A couple of comments, firstly with respect to an annual event. A great idea but let me share something strictly between you and me. I say that because I'm about to completely contradict myself on the importance of membership growth.
My grandson and I attended Big EARS in 2014 and a second EARS event in April this year. We never intended to fly at Big EARS but had a few rockets to fly at the April event. At the event we only flew two of them. Mainly because of the good attendance and having to wait our turn. Eventually, time ran out and we left for home.
We managed to get to the October event. Very few people there. In contrast we managed to fly half a dozen times, it could have been more. The support we had was fantastic. I learnt a great deal, my grandson much more.
The lesson learned for me was that if you want an event to fly lots, pick one that is likely to be poorly attended. A very self interested comment I know, and "off the record" of course.
Back to "on the record" I do believe that attracting young people to hobby is key, also publicising the hobby both locally and nationally.
Schools, colleges, local demonstrations, may provide such interest. It has to be credible and sustainable however. There's no point in inspiring interest if it can't be maintained.
UK Industry must be supportive. Forgive my bluntness but I don't think it can supply the current demand let alone an increase in new member demand. Would they be prepared to pay for a planned campaign of "advertorials" in support of UKRA articles in relevant publications? By relevant I mean BMFA News and other UK flying publications that I see on supermarket shelves (to begin with). Product discount deals for UKRA and selected club members?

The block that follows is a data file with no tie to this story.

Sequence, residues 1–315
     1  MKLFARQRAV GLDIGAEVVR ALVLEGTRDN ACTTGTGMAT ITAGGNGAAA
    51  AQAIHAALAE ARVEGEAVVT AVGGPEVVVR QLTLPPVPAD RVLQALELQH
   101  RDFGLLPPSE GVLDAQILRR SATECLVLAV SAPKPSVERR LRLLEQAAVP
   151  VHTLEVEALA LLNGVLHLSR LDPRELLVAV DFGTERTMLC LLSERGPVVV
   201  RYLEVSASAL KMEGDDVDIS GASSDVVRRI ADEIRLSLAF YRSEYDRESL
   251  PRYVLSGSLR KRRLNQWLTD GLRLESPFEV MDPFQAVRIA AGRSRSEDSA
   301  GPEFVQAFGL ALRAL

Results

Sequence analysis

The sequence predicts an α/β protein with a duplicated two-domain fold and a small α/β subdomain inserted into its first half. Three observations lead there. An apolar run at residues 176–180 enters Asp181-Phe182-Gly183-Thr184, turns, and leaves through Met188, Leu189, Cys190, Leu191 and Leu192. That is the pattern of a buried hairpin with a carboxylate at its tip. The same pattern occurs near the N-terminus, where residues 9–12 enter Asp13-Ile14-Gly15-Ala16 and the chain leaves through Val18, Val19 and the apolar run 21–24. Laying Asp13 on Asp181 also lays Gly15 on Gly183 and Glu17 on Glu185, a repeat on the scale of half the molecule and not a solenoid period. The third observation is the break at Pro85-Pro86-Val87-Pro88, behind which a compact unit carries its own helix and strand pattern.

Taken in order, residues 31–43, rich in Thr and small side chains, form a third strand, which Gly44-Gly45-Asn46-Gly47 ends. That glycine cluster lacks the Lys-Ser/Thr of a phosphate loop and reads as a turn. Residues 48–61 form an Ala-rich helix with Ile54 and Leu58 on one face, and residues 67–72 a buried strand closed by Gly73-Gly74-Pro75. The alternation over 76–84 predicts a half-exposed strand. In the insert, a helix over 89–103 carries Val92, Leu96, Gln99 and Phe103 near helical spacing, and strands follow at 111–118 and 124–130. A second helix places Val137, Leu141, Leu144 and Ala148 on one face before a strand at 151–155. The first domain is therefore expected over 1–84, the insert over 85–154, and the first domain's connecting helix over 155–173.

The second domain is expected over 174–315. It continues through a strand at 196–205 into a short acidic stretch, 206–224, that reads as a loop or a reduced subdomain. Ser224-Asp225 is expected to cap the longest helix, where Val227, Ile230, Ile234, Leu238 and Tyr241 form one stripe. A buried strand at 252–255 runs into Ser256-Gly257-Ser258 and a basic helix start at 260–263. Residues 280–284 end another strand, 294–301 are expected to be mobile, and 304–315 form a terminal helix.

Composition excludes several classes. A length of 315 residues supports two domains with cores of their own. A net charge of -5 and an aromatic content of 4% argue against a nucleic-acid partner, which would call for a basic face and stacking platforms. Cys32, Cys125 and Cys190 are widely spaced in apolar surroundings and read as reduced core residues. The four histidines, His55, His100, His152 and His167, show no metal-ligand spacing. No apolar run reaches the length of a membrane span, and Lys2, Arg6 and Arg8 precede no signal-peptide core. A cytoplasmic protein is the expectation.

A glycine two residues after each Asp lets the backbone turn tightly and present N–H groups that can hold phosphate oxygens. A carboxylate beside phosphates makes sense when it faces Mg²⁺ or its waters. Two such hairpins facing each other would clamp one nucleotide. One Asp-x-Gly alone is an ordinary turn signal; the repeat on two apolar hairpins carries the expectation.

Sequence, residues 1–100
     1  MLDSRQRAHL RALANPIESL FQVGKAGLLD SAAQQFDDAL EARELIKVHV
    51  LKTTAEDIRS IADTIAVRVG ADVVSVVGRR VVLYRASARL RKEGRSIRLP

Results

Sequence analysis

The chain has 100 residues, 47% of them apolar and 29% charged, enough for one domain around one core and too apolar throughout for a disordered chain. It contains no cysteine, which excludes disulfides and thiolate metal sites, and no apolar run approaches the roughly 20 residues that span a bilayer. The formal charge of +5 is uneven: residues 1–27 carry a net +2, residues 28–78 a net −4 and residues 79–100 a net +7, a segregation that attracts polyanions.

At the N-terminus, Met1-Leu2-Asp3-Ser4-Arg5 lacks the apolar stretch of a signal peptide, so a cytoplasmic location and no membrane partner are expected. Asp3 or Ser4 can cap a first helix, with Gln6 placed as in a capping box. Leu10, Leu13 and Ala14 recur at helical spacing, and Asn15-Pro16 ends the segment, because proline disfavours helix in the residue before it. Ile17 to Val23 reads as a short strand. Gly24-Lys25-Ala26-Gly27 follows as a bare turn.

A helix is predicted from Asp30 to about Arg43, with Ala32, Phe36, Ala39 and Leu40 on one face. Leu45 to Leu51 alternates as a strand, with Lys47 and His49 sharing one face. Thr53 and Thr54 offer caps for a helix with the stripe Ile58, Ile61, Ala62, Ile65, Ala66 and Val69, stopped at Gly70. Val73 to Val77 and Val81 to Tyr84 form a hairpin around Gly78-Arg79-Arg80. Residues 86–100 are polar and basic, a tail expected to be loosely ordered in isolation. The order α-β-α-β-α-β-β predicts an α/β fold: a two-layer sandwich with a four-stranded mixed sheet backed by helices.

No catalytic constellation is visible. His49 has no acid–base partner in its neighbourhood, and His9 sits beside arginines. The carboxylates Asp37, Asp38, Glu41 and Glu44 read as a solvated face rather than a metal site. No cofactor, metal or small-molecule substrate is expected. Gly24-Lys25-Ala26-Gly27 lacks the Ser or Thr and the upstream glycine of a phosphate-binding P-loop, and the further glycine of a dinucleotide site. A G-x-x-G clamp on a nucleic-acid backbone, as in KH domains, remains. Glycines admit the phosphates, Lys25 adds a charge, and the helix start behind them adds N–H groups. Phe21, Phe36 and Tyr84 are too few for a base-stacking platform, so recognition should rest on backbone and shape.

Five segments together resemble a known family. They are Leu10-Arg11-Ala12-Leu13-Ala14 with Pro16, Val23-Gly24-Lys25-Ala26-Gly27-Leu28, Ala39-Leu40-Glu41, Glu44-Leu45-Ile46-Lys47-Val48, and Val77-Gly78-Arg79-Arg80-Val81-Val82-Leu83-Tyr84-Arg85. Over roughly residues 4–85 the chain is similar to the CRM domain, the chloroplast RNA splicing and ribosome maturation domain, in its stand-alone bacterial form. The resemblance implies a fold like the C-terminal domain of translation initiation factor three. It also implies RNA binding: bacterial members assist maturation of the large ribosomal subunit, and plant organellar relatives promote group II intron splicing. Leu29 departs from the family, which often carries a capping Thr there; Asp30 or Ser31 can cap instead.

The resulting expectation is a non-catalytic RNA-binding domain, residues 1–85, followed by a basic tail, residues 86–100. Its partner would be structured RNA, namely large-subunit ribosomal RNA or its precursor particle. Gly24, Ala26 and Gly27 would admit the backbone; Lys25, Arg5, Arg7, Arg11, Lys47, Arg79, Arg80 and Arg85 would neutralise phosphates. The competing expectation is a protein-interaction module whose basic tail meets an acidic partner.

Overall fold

Publicise and appeal to parents anxious to educate and take their children away from Facebook.
Introduce challenge by way of competition and as you say, do it at a national event with national recognition. Make competitions achievable for all levels of rocketry experience.
Aerospace industry involvement, they are currently crying out for a good apprenticeship business cases. They have to backed by credibility and again, sustainability.
Change the UKRA qualification and certification rules to allow more beginners to be involved with qualified mentors.
Most importantly, get us overworked enthusiasts involved (at this point, don't ask me how, I don't know). But clearly we can't expect a few volunteers from UKRA and the clubs to do it all. To become involved however, we do need clear, informed and budgeted direction. That would be the part to play for those that control the hobby.
I recognise what you say about time and professional commitment, I am a "slave" to it as much as anyone else. Maybe however we could all contribute in numbers, in a very small way to something that could grow in a very large way. From a minor hobby into a sport?
A couple of final questions to UKRA and the clubs. What is the UKRA and club national membership number and do they publish annual accounts? A good starting point to indicate what is and what isn't possible.
I'm up for playing a small part in change. But I'd like to know that there is value and support from authorities, enthusiasts and industry to what we are "buying into".
All the best SO.